Wednesday 26 June 2013

Saud’s tough talk on Syria and Kerry’s inshallah

John Kerry and Saud al-Faisal meet the press after their talks in Jeddah

As far as I can recall, yesterday was the first time I see Saudi Arabia’s Foreign Minister Prince Saud al-Faisal so spirited in public.
He was speaking at a joint news conference with U.S. Secretary of State John Kerry after their talks on Syria in Jeddah.
The pair’s body language was also telling.
Showing no sign of his debilitating back pain, Prince Saud was blunt and passionate about the state of play in Syria. His words read like sheer exasperation.
Kerry on the other hand sounded listless and downcast.
Prince Saud’s tough language:
  • Saudi Arabia cannot be silent at Hezbollah crossing from Lebanon to back regime forces in Syria.
  • Syria is facing a double-edged attack by Hezbollah and Iranian Revolutionary Guards with unlimited military support from Russia. Along with the regime's genocide against its own people, this adds an even deadlier element in the form of an all-out foreign invasion.
  • Syria now can only be considered an occupied land. This requires resolute and swift action by the international community.
  • There no longer is rhyme or reason to let pass Russia’s blatant and incessant arms supplies to the Syrian regime… Meantime, we are still failing to secure international protection for the Syrian people, or at least provide some sort of military assistance to help them defend themselves against abhorrent crimes being committed against them with nary an excuse.
  • The kingdom demands a clear, unequivocal international resolution that bans any sort of weapons’ support for the Syrian regime and declares null and void the regime’s legitimacy.
  • The illegitimate regime cannot possibly be part of any arrangement or play any role whatsoever in shaping the present and future of Syria.

Kerry’s inshallah:
  • This is a situation that’s been made far more difficult and complicated by Assad’s invitation to Iran and to Hezbollah, Iran’s surrogate, to cross lines – international lines – and to become engaged on the ground in Syria. It is the Assad regime that has internationalized the violence on the ground in the worst of ways.
  • We believe the best solution is a political solution in which the people of Syria have an opportunity to be able to make a choice about their future. And we believe that every minority can be respected, that there could be diversity and pluralism, and that people could do so in a climate of peace in the absence of oppression and violence or the involvement of foreign fighters, providing the Assad regime is prepared to live by the framework that was created in the Geneva communiqué for a transition government with full executive powers chosen by mutual consent of all the parties, which really has the best chance of bringing about peace in Syria.
  • We continue to believe Geneva-2 offers the best opportunity to be able to try to bring that about.

Syria's Foreign Minister Walid al-Muallem told a news conference in Damascus on Monday regime representatives will attend Geneva-2 -- but “not to hand over power to the other side.”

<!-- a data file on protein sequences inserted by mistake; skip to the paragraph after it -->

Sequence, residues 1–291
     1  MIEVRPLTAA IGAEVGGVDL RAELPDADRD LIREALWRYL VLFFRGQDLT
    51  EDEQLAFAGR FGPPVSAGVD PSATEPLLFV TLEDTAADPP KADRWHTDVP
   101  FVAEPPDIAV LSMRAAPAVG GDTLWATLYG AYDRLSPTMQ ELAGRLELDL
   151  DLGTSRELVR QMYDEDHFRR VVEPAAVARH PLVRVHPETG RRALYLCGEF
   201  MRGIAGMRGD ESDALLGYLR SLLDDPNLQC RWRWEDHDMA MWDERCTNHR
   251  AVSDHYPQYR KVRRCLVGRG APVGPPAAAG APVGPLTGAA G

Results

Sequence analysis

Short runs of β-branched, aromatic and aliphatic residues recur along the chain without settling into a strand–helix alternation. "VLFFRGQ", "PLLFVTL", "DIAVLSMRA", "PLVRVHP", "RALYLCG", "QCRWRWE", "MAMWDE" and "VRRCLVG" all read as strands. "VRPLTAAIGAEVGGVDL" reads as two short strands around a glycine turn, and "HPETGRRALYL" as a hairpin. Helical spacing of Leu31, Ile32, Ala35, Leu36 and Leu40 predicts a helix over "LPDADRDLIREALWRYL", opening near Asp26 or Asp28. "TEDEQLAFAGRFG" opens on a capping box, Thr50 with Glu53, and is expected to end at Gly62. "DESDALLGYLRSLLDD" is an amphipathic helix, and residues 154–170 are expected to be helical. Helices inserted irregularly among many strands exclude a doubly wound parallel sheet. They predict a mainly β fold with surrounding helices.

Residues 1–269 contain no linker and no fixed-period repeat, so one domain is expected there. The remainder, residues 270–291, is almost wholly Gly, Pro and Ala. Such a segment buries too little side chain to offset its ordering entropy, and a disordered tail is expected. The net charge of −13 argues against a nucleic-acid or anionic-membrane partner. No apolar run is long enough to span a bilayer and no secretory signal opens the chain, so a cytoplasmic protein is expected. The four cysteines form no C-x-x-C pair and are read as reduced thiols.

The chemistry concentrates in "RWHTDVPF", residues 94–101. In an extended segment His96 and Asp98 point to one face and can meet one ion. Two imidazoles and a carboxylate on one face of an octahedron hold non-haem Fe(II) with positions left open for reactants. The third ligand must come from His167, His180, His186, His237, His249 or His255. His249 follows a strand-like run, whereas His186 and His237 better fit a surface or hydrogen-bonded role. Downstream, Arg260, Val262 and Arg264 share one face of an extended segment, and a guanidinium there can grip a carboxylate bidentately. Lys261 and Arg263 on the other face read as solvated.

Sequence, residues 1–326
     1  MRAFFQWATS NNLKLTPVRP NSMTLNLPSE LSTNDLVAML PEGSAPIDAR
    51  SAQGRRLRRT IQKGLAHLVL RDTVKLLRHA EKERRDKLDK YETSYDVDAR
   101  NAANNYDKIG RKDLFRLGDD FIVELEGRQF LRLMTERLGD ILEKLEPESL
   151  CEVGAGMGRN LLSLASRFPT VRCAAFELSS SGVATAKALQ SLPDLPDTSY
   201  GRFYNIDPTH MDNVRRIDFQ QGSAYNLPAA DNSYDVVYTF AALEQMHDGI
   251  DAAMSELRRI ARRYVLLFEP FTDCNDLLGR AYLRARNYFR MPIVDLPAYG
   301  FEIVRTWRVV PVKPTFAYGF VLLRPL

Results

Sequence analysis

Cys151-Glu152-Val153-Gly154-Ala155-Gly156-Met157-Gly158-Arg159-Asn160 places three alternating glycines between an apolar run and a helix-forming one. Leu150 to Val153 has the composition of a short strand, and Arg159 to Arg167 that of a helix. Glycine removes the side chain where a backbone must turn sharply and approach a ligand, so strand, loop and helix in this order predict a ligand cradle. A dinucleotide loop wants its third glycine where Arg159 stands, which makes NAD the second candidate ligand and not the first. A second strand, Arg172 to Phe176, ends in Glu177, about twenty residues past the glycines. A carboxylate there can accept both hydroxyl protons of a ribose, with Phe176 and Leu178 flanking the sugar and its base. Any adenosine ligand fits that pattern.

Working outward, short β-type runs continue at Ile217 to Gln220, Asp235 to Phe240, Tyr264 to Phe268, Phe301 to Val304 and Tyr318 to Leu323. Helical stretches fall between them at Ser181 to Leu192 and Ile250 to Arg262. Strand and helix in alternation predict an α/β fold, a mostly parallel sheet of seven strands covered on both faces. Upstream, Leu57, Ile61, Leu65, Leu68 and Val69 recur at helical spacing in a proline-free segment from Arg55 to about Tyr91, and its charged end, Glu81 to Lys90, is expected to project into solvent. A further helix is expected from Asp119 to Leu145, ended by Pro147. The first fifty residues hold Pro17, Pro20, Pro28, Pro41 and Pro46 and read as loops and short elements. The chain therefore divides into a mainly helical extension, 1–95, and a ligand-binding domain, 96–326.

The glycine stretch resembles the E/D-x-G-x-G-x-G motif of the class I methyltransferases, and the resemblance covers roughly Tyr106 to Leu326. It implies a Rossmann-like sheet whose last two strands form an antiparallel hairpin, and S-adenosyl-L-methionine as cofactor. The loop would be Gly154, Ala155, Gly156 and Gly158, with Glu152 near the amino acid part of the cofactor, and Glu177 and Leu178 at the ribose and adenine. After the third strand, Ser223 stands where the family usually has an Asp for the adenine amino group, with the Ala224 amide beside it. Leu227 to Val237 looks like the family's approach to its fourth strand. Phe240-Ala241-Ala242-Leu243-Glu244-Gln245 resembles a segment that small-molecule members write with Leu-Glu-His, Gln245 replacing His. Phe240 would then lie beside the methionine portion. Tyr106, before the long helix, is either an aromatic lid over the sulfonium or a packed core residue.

As Prince Saud and Kerry were speaking in Jeddah, Syria troubleshooter Lakhdar Brahimi was telling reporters in Geneva ahead of talks with American and Russian officials that Geneva-2 was unlikely to take place in July as he had hoped.
"I very, very much hope governments in the region and the Big Powers -- in particular the United States and Russia -- will act to contain this situation that is getting out of hand, not only in Syria but also in the region."
Brahimi voiced deep concern at the deadliest outbreak of violence in Lebanon since the start of the Syrian conflict in 2011.
“Events in the city of Sidon in Lebanon yesterday, where over 50 people were killed, are a stern reminder to all of the risks of the conflict in Syria spreading across borders to neighboring countries,” he said.
Editorially, Saudi daily Asharq Alawsat’s former editor-in-chief Tariq Alhomayed writes:
Foreign fighters – whether from Iran’s Revolutionary Guard or Quds Force, or Hezbollah, or Iraqi Shiite militias, or regrettably other regional Shiites – swarmed into Syria at Bashar Assad’s invitation to save his regime. Even the security of Damascus is in the hands of Qassem Soleimani who hardly leaves the capital city.
Hezbollah rules Syria’s borders with Lebanon.
The Baghdad government controls Syria’s border with Iraq and directs its forces and the Iraqi Shiite militiamen to back Assad and stifle the Free Syrian Army (FSA).
Israel occupies the Golan and allows Assad’s army to deploy tanks on the Heights to shut out FSA fighters from the Quneitra crossing.
Russian warships are off Syria’s Mediterranean waters.
All this shows Syria is splintered and occupied after Assad killed about 100,000 of his own people.
Prince Saud al-Faisal’s remarks mean Saudi Arabia does not accept a political solution in Syria that keeps Assad in office. This is the kingdom’s underlying position vis-à-vis current or future political initiatives that aim to save Assad, including the unlikely Geneva-2.
Prince Saud al-Faisal’s remarks were pivotal and conclusive. He called things by their name and gave the Syrian opposition a shot in the arm.
His remarks mean Riyadh is proceeding with propping up the FSA so it can defend peoples’ lives and land.